I've been having a little adventure lately with a book called The Love Dare. *
Here on this blog we talked in January about some of the things we want to focus on this year, and some of you said you'd like help with the area of how to love your spouse better.
Well, as we know, love is an action, and that brings me to this adventurous book.
I was recommended this book by one of our SUMites here in Auckland, Paula Blackie. She said, "It's really, really good." So, curiously, I ordered it.
Books take a while to get to New Zealand, but eventually it landed in my letter box, I ripped open the package, and here's what I found:
The book is a set of forty dares that you do over a period of forty days. Each dare is something you are asked to do for your spouse. Preceding each dare in the book there is a devotional first, with scripture references.
There's also a movie called 'Fireproof' that's linked with the book, and it's about a firefighter who puts the forty dares into action in his own marriage. Sounds good, but I haven't watched it yet.
Anyway, I decided not to tell Bryce about the dares and instead to just dive in quietly. Here's how it began --
Day #1 was called 'Love is patient', and it went like this:
"For the next day resolve to demonstrate patience and to say nothing negative to your spouse at all. If the temptation arises, choose not to say anything. It's better to hold your tongue than to say something you'll regret."
"Righty ho", I thought, rolling up my sleeves. "This should be easy"; and for most of the day I didn't even see Bryce so that definitely was easy. However, we then sat down to the evening news with the boys, which we don't normally do. As soon as the news began, my whole family began speaking over the news, one on one side of me, two on the other. I didn't manage to hear a single part of the news that evening.
Irritation welled up immediately (Crikey, is this how easily I get irritated?!) and so I got to practice this good quality: patience.
I seemed to be in a particularly serene frame of mind after practising patience and a controlled tongue the previous night. My task today, according to the book, was to continue not to say anything negative to my spouse, and in addition say something very kind to him at some point during the day. A short and sweet dare indeed. Well, at some point that day upstairs I trundled (to his home office), and told him something particularly nice about himself. He grinned back at me.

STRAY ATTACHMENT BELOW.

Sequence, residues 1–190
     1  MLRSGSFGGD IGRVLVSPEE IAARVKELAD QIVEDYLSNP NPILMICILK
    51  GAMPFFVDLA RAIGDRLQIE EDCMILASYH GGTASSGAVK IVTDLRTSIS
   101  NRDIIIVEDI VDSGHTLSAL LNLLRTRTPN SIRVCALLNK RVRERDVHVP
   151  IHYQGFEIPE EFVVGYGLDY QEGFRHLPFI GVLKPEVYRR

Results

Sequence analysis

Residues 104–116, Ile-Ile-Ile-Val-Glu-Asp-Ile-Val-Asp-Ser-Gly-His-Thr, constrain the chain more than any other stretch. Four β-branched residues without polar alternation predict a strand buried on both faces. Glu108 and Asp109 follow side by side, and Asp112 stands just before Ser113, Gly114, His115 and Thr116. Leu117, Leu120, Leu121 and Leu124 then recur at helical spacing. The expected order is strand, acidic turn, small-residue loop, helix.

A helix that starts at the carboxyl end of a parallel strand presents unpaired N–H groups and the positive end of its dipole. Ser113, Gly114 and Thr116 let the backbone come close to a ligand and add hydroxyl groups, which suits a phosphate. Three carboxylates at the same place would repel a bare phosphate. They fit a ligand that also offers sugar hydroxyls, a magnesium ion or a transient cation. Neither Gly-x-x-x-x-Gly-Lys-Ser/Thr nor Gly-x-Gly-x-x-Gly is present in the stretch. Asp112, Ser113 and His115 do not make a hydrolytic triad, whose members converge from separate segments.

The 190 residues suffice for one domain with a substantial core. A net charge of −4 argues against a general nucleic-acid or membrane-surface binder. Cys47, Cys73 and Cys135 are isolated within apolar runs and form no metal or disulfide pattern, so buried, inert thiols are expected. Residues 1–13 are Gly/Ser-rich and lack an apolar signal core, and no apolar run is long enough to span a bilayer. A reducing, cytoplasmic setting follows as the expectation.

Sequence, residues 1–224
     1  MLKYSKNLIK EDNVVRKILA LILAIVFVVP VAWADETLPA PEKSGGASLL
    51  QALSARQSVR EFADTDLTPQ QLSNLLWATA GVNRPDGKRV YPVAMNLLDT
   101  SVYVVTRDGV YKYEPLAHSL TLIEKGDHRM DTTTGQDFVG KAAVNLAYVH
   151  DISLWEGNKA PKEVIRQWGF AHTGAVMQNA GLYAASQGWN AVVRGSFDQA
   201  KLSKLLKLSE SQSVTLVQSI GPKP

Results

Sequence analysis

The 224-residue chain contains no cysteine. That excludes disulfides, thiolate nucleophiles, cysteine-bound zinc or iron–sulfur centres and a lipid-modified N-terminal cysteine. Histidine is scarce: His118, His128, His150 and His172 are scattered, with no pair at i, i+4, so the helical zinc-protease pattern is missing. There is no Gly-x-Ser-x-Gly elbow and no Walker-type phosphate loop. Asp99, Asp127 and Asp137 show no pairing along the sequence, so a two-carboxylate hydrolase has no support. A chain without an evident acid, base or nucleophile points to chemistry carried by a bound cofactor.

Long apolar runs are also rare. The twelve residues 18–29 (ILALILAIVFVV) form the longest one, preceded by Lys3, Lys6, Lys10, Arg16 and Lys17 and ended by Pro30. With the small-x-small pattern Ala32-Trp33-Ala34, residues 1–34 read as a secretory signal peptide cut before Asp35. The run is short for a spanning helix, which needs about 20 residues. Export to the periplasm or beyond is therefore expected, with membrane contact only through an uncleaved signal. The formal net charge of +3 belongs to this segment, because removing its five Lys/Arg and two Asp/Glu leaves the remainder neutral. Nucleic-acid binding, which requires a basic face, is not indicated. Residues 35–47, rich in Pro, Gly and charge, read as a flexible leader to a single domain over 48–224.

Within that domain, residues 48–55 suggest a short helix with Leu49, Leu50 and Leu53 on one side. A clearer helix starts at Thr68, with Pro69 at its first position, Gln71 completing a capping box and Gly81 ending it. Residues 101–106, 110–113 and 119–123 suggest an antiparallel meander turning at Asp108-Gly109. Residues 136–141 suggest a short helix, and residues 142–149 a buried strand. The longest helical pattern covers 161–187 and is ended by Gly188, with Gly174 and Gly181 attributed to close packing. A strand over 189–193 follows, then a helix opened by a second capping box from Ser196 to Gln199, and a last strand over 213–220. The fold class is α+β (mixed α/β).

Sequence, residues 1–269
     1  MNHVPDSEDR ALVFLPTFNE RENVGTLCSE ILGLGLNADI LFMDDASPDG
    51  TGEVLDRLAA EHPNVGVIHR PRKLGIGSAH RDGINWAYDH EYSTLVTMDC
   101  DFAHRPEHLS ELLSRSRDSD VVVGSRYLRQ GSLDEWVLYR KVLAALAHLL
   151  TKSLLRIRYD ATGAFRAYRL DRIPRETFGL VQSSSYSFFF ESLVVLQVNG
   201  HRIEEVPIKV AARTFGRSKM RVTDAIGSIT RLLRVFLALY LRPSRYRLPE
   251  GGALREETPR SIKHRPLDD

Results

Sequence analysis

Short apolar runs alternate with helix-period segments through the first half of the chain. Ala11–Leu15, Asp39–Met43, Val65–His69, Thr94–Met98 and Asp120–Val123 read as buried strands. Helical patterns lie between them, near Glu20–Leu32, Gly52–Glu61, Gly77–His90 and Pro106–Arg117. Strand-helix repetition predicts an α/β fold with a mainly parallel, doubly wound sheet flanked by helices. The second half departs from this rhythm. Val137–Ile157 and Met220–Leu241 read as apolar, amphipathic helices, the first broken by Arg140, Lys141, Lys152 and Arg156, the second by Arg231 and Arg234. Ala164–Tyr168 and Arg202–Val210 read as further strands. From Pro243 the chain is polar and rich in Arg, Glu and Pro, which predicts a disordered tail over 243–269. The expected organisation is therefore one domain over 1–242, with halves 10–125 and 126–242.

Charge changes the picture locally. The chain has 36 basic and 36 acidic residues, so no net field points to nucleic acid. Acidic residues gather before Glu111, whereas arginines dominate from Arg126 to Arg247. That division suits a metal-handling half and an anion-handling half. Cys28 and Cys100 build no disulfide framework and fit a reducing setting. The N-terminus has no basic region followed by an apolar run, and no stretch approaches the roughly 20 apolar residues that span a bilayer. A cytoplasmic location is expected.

I liked that dare. Who doesn't like being kind?
Day #3 was titled 'Love is not selfish'. The dare went like this:
"Along with refraining from any negative comments, buy your spouse something that says 'I was thinking of you today' ".
I like the fact the book has to keep telling you not to make negative comments. Oh dear! Is that what marriage is like? Well, that I can do reasonably easily. But the next part was hard as Bryce is the hardest person on earth to buy things for. I literally could not think of a thing to get him. In the end, I walked down to the local shop and bought him a Snickers bar, his favorite chocolate. I left it on his pillow. He said, "What's that for?" I said, "It's for you. Since it's your favorite."
And that's where I've got to so far. In thinking about love as an action, I guess this little book, The Love Dare, helps us try a few of the following things out:
Love is patient, love is kind. It does not envy, it does not boast, it is not proud. It does not dishonor others, it is not self-seeking, it is not easily angered, it keeps no record of wrongs. Love does not delight in evil but rejoices with the truth. It always protects, always trusts, always hopes, always perseveres. Love never fails. (1 Corinthians 13:4-8, NIV)
Thanks again to Paula Blackie for inspiring this post; and now I'd love to hear from our community: What are some practical ways you show love to your spouse?
* The Love Dare (2013), by Stephen and Alex Kendrick. Published by B&H Publishing Group, Nashville: TN.